Inside the Republican Plan to Stop Trump

4 minute read

For months Republican donors and candidates had been squeamish about taking on Donald Trump, convinced he’d fade out or simply afraid of the blowback from the bombastic billionaire. Now with Trump on the cusp of securing the nomination, the GOP is gearing up to bankroll a desperate effort to stop him.

The loosely-coordinated anti-Trump efforts are attempting to get off the ground, uncover potentially damning research, and deploy it on television and online all before March 15, the date on which Trump stands to make a break-out in winner-take-all contests if his momentum isn’t stalled. It’s a tall order, with campaign operatives seeking to condense months of planning and strategy into days.

“They’re building the plane while trying flying it,” said one supportive, but skeptical GOP operative.

While candidates and outside groups have tried to attack Trump before, the new efforts will be defined by their attacks not on Trump’s hodgepodge policies—which voters have been willing to overlook—rather his personal and professional failings.

“What has happened in the past in the general GOP critique of Trump is a lot of it was rehashing similar arguments that have been out there,” Tim Miller, the spokesman for Our Principles PAC told TIME. “We have to play his game. We’re looking for what’s salacious.”

Miller said his group’s attacks on Trump will seek to undermine the three legs propping up Trump’s campaign: the notions that he speaks the truth, that he’s a successful businessman, and that he can beat Hillary Clinton.

“Hillary could be in a jail cell and she’d beat Donald Trump in a landslide,” Miller said. “The takeaway from [Super Tuesday] is that in many states over half of the electorate said they’d be unhappy with Donald trump as the nominee.”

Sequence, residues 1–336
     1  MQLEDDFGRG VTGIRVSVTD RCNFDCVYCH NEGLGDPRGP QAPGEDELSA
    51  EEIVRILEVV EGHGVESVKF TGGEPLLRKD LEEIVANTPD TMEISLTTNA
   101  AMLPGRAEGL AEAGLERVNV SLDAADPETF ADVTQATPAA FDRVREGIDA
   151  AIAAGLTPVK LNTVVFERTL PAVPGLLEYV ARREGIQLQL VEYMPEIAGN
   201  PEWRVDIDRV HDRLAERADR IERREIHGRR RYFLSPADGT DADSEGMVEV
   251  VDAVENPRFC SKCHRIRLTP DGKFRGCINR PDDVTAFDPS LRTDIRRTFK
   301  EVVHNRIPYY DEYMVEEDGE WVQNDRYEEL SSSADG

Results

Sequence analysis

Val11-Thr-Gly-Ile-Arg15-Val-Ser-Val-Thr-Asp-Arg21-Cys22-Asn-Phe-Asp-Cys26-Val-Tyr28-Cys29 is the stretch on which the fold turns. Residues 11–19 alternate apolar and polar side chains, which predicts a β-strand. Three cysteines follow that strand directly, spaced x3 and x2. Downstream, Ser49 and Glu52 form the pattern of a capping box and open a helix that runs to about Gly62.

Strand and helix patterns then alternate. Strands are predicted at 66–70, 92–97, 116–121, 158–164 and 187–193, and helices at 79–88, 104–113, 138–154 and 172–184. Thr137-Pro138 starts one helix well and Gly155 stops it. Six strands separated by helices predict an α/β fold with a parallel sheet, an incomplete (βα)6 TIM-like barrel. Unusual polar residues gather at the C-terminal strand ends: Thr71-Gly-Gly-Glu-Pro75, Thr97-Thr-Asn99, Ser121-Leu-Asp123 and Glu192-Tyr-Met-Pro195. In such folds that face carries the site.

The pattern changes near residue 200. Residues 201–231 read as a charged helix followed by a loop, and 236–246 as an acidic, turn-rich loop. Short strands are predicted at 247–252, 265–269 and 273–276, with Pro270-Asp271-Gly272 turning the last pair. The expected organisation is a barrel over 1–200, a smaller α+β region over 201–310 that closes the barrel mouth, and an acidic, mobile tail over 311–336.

Our Principles PAC has already made a seven-figure television ad buy in Illinois, Michigan, and Florida with an ad criticizing Trump University, the defunct education program currently embroiled in a fraud suit. Meanwhile Club for Growth Action, is deploying $1.5 million to attack Trump in Florida on his business bankruptcies and use of eminent domain. The new spending is on top of a campaign by the conservative group American Future Fund that is running ads featuring former customers of Trump University.

The attacks come as Trump’s rivals are taking turns hitting him. Peppering his stump speech with broadsides at the front-runner Sunday evening in Roanoke, Va., Marco Rubio called Trump a hypocrite, accused him of weakness, and even questioned his manhood. “You know what they say about men with small hands,” Rubio said, complete with a pregnant pause. “You can’t trust ‘em.”

“Any attacks have to be led by the candidates,” Former Mitt Romney strategist Stuart Stevens said. “You can’t outsource your courage. These other attacks can reinforce your points or even open up new ones, but they have to be led by the candidates.”

Many Republican operatives are livid at the media—particularly cable news—who they argue have become beholden to Trump for record political ratings. “It’s time for the media to do their job and seriously vet Donald Trump,” said Katie Packer, the former Romney aide who founded Our Principles PAC .

But the Trump show has become a force unto itself, drawing the equivalent of millions of dollars in free airtime every time he speaks to the press. That’s why the GOP effort is now trying to play off Trump’s playbook of name-calling and insults, in hopes claiming a piece of the earned media pie.

Stevens brushed off the notion that the attacks have only strengthened Trump, saying no candidate until Rubio last week has seriously tried to weaken him. (Jeb Bush’s criticism of the front-runner was designed to show toughness and boost his own poll numbers, rather than peel off Trump supporters.)

“Trump has been in a race where he’s been fighting in a race where none of the other candidate were fighting him, so of course he was doing well,” Stevens said. Now he says the candidates have to start fighting Trump, and “never stop fighting.”

“It’s going to take a sustained paid media campaign,” said Packer. “It’s going to take the candidates taking him on, which I do think is happening now finally.” But it remains to be seen whether it was too late.

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